Leading Article: Books or principles? Heads must decide

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The Independent Online
WOULD you risk sacrificing your child's teeth for a computer, or maybe to stop the roof of the classroom falling in? Headteachers are under growing pressure to allow commercial interests into schools in order to generate additional funds. The latest symptom is the installation of Coca-Cola machines in primary schools, but the issue is not new. For some time, manufacturers of sweets and soft drinks have been working their way through the school gates by offering to share profits with schools desperate for money.

Other sectors of industry are getting the same idea. Tesco supplies vouchers for school computers to customers who spend more than pounds 25. W H Smith gives vouchers worth 10p for every pounds 2 spent. These can be used by primary schools to claim free books from the company. John Menzies and Boots are planning similar schemes.

Books are better for children than sweets and soft drinks, so some distinctions should be made. Schools owe it to children in their care to make an effort to educate them in healthy eating. The task seems fairly hopeless most of the time, but that is no reason to give up. The effects of diet on physical and mental development, behaviour and future health are now well enough established. Probably money spent on school meals would be more than saved in the future by lower demands on the National Health Service, better educational results, and possibly even less crime if American studies of the connection between diet and aggression are valid. Parents and teachers are, therefore, right to be worried when schools take money for encouraging bad eating or drinking habits. The British Dental Association is already protesting about the Coca-Cola machines. Local authorities should urge headteachers to resist the temptation these machines represent.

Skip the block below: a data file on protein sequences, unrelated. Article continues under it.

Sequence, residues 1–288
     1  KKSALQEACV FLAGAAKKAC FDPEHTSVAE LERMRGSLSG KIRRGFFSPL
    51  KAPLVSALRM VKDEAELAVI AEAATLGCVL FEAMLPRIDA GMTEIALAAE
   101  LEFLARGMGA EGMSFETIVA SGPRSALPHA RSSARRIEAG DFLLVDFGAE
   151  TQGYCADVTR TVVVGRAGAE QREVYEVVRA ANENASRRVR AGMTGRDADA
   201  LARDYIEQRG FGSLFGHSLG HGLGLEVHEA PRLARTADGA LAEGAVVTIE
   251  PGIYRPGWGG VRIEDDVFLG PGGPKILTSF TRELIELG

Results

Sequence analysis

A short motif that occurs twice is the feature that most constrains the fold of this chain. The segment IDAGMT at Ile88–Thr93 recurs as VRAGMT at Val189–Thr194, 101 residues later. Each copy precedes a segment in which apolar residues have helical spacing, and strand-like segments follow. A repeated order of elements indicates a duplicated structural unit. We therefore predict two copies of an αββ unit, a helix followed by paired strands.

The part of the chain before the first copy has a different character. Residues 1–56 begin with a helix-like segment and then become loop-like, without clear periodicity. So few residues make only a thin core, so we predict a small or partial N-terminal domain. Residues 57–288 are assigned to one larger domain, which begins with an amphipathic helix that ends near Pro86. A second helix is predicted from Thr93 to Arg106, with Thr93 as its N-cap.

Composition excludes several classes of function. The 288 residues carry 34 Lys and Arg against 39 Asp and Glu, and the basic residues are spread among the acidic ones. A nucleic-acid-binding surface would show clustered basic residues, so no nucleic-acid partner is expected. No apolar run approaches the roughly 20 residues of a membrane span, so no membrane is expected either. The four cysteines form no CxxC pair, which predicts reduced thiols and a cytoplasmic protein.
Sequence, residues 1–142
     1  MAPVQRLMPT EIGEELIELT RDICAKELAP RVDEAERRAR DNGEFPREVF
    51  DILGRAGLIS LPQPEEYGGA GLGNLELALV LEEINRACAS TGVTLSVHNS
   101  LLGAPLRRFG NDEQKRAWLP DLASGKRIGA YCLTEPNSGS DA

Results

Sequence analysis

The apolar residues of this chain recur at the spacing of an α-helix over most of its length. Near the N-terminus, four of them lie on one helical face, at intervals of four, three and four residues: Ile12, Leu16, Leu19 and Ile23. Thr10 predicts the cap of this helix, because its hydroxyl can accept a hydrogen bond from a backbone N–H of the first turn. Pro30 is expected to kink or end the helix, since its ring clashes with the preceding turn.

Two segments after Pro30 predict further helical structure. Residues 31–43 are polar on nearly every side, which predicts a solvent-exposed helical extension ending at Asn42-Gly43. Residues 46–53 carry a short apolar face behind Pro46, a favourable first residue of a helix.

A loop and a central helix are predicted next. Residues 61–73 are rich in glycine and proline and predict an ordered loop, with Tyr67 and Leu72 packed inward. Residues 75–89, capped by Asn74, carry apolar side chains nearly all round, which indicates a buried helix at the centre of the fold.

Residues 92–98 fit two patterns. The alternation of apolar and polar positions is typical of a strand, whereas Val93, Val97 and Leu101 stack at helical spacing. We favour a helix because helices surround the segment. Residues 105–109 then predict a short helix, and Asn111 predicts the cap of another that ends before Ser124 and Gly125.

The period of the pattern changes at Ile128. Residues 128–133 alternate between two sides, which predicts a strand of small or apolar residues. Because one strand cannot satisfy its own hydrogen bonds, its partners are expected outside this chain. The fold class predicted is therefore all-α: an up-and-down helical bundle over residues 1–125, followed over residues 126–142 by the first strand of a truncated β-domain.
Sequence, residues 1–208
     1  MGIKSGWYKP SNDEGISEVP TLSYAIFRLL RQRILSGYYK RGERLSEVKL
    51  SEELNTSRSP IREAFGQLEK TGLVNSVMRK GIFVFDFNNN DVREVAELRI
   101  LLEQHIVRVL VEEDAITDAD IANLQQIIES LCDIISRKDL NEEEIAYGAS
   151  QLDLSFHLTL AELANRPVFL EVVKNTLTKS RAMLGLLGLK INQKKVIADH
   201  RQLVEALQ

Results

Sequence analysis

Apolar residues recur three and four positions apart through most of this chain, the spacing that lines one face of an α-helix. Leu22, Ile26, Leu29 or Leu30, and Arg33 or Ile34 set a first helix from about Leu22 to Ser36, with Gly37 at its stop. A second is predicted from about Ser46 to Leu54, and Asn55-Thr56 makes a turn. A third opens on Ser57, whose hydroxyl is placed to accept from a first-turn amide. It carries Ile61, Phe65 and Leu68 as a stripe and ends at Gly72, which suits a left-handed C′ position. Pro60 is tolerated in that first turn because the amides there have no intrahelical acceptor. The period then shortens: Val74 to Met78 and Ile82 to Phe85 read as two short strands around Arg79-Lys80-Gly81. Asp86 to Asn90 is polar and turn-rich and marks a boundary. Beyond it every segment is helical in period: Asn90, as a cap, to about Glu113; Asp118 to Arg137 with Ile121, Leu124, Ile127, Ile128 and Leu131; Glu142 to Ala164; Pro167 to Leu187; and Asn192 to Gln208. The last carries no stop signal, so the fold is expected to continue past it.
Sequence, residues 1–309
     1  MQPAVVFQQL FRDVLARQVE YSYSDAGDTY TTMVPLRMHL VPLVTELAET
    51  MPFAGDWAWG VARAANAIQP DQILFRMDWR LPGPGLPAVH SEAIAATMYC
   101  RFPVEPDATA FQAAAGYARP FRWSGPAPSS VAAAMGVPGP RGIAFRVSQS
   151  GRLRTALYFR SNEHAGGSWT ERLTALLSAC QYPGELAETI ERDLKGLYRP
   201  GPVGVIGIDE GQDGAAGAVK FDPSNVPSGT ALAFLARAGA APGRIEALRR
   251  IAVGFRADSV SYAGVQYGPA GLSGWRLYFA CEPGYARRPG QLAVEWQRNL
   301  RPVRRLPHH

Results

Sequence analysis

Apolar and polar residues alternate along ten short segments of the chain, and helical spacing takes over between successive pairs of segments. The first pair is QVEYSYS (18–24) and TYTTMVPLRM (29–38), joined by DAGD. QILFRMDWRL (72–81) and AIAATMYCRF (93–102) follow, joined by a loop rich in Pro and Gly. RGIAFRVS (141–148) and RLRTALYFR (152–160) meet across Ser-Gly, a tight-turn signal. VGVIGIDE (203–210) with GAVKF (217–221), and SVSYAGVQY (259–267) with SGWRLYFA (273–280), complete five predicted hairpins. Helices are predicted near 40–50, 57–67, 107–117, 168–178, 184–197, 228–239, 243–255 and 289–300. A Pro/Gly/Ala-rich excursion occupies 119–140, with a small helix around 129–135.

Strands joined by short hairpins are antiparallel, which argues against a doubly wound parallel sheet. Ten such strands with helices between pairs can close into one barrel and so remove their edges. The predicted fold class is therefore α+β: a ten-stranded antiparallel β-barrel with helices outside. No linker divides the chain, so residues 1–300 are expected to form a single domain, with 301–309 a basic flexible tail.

Schemes that provide books or computers are more benign but they, too, involve an intrusion of commercial pressures into primary schools that are not easy for children to understand and are liable to distort the choice of books and equipment. Headteachers can be forgiven for succumbing when the financial pressures on them are so intense. Somewhere there is a line beyond which it becomes wrong to bend educational principles in order to get more books or computers for the children, but it is not easy to define.

The commercial sponsors of these schemes are also operating in an ethical grey area. They can reasonably claim to be combining the pursuit of profits with charitable activity, but they are also exploiting the needs of children to promote their products where they should be competing on price and quality. If they really want to be charitable, they should simply donate some of their large profits directly to schools.

The principal responsibility, however, lies with the Government for underfunding education to such an extent that schools are led into temptation. Headteachers ought to be choosing their books on merit, guiding their pupils towards better eating and repairing the roof when necessary. As soon as pigs can fly, that ideal world will arrive.